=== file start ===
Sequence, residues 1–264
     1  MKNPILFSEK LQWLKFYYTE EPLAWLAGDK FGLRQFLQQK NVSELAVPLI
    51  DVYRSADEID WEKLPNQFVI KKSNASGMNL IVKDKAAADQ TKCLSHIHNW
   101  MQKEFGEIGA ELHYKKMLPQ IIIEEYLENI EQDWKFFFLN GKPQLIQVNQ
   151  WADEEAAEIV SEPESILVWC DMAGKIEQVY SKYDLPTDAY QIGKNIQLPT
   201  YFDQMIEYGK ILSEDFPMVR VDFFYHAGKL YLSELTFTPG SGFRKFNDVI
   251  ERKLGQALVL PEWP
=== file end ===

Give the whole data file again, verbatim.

Sequence, residues 1–264
     1  MKNPILFSEK LQWLKFYYTE EPLAWLAGDK FGLRQFLQQK NVSELAVPLI
    51  DVYRSADEID WEKLPNQFVI KKSNASGMNL IVKDKAAADQ TKCLSHIHNW
   101  MQKEFGEIGA ELHYKKMLPQ IIIEEYLENI EQDWKFFFLN GKPQLIQVNQ
   151  WADEEAAEIV SEPESILVWC DMAGKIEQVY SKYDLPTDAY QIGKNIQLPT
   201  YFDQMIEYGK ILSEDFPMVR VDFFYHAGKL YLSELTFTPG SGFRKFNDVI
   251  ERKLGQALVL PEWP